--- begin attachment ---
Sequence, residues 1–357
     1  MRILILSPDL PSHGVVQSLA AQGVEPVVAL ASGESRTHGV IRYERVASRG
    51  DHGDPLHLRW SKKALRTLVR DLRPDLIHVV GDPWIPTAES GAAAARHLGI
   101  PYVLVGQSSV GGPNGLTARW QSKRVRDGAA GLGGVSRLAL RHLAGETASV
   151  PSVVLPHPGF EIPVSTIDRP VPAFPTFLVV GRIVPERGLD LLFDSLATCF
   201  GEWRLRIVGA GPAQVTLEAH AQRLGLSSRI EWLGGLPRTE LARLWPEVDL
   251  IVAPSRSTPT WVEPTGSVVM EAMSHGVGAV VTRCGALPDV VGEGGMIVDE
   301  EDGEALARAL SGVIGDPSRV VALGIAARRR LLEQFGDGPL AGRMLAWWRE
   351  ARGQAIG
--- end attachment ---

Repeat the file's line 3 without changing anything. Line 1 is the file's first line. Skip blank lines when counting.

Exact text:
    51  DHGDPLHLRW SKKALRTLVR DLRPDLIHVV GDPWIPTAES GAAAARHLGI